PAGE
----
Researchers study the relationships between poor health behaviors and the genetic risk of developing diabetes and heart disease.
Worldwide, heart disease is the leading cause of morbidity and death. Genetics, as well as lifestyle factors such as smoking, diet, body mass index, and physical activity are strongly related to the risk of developing heart disease.
Genome-wide association studies have shown that specific genetic variants are related to a higher risk of heart disease, stroke, high blood pressure, and diabetes. Depending on the individual, the genetic risk for heart disease and diabetes may be classified as high, medium, or low. The current study aimed to figure out how poor lifestyle choices interact with these different levels of genetic risk. The study was published in JAMA Cardiology.
Using information from a previously conducted UK Biobank study, the Dutch researchers analyzed health and genetic data collected from over 339,000 British people over the course of nine years. Guidelines from the American Heart Association were used to define “ideal”, “intermediate”, and “poor” lifestyle categories for each participant.
Compared to people in the low genetic risk group with an ideal lifestyle, those in the high genetic risk group with a poor lifestyle were at an increased risk for heart disease, atrial fibrillation, high blood pressure, stroke, and diabetes. Overall, the study found that lifestyle factors also play a strong role in the development of diabetes no matter the genetic risk. However, for individuals with high genetic risk, poor lifestyle was linked to a 15-fold higher risk for developing diabetes.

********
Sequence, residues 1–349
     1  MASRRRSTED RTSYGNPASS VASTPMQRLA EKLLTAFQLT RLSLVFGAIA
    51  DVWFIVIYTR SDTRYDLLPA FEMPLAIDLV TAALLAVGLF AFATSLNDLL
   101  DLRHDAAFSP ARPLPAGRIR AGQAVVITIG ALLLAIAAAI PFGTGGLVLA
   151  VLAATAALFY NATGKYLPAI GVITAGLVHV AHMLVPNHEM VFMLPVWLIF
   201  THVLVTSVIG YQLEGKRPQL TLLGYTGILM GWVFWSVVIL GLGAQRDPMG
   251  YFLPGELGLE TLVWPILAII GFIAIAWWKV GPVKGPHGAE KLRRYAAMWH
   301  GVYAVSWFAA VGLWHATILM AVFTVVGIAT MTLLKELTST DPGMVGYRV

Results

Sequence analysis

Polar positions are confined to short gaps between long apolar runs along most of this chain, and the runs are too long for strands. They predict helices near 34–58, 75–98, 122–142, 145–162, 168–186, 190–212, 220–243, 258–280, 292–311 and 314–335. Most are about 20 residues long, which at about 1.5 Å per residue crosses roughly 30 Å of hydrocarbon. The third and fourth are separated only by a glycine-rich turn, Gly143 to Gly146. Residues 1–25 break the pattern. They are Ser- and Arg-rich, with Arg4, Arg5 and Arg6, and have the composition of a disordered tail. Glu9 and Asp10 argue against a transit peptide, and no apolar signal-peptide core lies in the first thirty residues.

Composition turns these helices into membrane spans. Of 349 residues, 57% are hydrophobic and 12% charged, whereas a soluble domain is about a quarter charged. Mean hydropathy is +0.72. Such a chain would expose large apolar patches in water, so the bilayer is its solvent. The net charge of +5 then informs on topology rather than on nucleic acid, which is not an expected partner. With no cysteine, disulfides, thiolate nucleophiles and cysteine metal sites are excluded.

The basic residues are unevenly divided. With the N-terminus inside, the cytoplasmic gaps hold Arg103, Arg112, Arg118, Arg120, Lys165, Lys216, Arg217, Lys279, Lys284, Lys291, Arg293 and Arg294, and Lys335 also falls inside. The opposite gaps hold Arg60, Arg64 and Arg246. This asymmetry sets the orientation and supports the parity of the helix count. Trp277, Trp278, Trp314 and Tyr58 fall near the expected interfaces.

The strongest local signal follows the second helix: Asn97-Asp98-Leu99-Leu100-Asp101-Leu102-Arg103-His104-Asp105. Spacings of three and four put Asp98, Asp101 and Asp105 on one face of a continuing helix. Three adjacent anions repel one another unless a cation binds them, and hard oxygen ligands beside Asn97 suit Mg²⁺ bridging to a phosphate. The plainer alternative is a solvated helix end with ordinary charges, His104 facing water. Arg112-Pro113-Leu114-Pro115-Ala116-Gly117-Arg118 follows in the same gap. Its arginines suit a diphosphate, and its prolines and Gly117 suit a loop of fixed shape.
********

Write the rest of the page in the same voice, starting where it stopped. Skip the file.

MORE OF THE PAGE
Genetics and health behaviours have an additive effect on the risk of developing heart disease and diabetes. Researchers encourage healthy lifestyle changes for everyone, but particularly for those at high genetic risk for disease.
Written by: Cindi A. Hoover, Ph.D.
Reference: Said MA, Verweij N, van der Harst P. Associations of combined genetic and lifestyle risks with incident cardiovascular disease and diabetes in the UK Biobank Study. 2018. JAMA Cardiology. doi:10.1001/jamacardio.2018.1717